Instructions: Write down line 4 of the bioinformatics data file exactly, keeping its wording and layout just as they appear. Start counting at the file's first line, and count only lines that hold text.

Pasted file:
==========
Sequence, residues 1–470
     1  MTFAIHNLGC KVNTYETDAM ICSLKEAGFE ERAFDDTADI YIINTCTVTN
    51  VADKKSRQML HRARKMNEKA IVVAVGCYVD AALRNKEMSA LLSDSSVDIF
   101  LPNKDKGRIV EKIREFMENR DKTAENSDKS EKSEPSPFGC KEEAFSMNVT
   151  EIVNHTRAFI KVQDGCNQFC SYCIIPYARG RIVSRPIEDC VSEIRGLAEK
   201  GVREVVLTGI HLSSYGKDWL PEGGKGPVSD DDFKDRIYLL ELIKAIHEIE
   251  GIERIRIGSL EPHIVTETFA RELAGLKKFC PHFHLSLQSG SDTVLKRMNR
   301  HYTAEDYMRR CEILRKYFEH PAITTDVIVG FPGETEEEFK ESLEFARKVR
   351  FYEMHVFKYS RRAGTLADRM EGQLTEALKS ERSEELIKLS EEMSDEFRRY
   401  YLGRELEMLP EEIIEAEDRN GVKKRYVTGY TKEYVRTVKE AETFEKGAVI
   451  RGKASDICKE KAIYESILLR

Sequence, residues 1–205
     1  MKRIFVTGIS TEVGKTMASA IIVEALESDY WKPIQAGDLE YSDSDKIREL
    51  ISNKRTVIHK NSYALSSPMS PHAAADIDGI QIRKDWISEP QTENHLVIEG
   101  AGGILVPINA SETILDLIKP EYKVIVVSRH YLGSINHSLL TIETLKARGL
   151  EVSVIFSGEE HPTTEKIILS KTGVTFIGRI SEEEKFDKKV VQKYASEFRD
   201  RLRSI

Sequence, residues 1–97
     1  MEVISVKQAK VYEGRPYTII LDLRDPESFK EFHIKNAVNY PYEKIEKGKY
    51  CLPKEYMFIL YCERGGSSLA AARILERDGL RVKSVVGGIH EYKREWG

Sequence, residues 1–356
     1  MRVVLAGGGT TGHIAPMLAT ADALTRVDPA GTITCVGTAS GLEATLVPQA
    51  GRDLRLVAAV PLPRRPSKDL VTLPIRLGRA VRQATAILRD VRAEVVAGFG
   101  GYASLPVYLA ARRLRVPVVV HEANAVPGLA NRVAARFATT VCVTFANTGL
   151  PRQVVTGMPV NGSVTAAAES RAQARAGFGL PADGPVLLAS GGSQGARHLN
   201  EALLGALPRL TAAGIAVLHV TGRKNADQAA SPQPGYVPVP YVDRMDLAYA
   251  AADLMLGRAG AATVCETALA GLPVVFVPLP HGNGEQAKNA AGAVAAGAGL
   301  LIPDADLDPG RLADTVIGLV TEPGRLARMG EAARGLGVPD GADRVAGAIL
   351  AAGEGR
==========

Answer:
   101  LPNKDKGRIV EKIREFMENR DKTAENSDKS EKSEPSPFGC KEEAFSMNVT